A short lesson on an old favorite, the 12 Bar Blues in Bb, utilizing a downward (mostly) quarter note pulse as the main rhythmic tool in the comp. I play through two choruses with quite a bit of embellishment, then settle into a ‘stomp’, ala ‘Freddy Green’ style accompaniment.
This style was popularized in the early to mid 20th century, particularly by guitarists in Europe and America who performed without amplification on the bigger ‘git-boxes’ (larger bodied acoustic guitars) in the rhythm sections of small and large ensembles. In order to cut through the sound of louder brass / reed instruments, Many guitarists playing in big bands for example, use this style to this day, to provide a warm, smooth underpinning comp that sits atop a walking bassline, hence the prevalent use of the quarter note rhythmic pulse.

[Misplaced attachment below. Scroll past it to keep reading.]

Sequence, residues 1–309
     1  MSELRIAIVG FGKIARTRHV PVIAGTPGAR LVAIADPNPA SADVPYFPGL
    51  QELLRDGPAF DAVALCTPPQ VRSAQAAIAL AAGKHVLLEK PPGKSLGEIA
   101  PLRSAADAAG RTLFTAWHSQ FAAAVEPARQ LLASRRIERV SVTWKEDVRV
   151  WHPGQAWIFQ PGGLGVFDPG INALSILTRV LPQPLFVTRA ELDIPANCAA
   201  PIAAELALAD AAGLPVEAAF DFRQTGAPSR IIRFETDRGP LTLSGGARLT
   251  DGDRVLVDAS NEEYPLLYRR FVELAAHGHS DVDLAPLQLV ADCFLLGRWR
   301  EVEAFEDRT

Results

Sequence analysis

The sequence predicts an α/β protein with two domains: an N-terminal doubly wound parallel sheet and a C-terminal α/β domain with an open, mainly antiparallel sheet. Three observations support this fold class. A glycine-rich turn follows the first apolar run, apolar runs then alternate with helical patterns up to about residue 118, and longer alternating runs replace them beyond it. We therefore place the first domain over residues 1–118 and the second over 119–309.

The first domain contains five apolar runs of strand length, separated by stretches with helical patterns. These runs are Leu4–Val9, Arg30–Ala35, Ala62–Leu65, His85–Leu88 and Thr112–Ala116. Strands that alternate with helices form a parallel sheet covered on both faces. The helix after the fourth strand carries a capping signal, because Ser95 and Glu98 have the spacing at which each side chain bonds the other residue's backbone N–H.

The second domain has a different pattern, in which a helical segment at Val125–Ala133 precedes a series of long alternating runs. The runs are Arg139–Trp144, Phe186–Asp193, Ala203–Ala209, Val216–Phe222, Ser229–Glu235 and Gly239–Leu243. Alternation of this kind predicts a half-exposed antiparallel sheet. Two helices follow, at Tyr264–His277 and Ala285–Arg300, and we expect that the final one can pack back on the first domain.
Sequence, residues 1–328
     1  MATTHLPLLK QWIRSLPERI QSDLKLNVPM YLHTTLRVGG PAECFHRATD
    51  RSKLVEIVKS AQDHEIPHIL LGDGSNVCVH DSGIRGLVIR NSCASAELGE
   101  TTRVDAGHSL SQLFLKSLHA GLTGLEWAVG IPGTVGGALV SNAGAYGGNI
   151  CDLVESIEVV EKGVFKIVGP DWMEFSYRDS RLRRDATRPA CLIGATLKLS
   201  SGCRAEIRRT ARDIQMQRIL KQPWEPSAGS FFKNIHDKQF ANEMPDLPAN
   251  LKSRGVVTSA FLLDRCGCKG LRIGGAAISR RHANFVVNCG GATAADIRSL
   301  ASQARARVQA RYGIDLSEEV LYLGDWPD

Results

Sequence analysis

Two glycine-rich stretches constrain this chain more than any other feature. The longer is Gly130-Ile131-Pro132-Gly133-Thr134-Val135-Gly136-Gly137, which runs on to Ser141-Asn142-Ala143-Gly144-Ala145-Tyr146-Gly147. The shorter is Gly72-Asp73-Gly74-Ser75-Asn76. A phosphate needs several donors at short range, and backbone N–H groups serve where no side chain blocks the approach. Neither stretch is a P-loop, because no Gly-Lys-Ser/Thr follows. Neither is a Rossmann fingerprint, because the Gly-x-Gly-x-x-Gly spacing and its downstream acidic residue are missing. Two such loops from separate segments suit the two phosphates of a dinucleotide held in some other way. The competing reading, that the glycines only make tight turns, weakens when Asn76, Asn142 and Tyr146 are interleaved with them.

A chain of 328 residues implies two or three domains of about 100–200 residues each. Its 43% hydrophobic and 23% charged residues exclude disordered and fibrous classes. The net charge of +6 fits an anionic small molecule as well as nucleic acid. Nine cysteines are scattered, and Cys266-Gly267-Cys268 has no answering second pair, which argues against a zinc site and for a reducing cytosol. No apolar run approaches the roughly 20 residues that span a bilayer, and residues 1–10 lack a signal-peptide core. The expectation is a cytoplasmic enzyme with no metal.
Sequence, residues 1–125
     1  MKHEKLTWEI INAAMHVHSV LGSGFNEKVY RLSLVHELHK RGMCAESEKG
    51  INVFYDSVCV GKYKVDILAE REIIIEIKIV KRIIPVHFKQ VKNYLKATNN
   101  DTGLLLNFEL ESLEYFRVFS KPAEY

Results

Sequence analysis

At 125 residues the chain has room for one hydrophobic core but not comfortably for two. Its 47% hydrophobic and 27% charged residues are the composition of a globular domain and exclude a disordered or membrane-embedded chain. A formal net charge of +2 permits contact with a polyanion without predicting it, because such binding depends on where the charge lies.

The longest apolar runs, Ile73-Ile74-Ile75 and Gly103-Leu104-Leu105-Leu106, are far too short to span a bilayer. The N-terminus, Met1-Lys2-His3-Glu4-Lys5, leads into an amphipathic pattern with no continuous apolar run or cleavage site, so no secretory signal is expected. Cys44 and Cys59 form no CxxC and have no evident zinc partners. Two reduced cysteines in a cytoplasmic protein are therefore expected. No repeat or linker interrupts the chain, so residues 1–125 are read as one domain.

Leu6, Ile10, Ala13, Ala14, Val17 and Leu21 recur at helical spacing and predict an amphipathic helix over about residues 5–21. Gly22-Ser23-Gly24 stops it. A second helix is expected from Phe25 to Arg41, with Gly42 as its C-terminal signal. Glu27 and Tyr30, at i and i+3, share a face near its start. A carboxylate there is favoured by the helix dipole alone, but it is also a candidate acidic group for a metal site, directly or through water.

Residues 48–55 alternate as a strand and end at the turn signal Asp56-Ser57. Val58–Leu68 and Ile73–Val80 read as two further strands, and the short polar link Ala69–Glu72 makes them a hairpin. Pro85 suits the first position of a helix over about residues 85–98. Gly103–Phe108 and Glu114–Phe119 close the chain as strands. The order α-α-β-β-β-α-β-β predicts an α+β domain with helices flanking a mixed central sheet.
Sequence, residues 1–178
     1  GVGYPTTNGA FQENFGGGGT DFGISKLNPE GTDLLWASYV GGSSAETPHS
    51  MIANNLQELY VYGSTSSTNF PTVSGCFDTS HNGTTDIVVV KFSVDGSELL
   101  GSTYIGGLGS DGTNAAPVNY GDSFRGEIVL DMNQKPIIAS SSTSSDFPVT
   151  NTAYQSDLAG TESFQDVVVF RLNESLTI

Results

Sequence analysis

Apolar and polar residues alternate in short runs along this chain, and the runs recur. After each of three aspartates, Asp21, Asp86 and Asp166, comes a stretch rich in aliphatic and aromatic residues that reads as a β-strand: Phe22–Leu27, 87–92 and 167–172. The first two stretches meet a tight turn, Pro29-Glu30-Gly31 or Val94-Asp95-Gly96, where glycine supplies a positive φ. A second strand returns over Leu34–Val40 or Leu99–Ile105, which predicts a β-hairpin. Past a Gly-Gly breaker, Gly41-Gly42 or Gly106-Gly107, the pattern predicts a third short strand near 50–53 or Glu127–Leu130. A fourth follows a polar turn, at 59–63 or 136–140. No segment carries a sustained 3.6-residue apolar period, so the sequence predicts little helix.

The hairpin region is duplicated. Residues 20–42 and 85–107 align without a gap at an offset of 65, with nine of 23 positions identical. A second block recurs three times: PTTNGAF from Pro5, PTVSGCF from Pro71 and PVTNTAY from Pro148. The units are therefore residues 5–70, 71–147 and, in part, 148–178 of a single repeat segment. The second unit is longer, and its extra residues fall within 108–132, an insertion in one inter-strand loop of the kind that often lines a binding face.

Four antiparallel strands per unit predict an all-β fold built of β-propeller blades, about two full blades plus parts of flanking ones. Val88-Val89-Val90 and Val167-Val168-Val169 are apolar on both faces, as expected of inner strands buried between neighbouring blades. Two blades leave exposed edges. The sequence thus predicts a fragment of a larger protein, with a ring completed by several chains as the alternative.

There are other rhythmic elements to making this sound great of course – a subtle use of the upstroke on the swung note, implying the skip beat (the second of the 3 triplet quavers), the use of dynamics to make the down beats accented or slightly louder than the off-beats and lastly the use of the right hand slap on the 2nd and 4th beats of the bar to create stability.
If you have any questions regarding the harmony please feel free to leave a comment!
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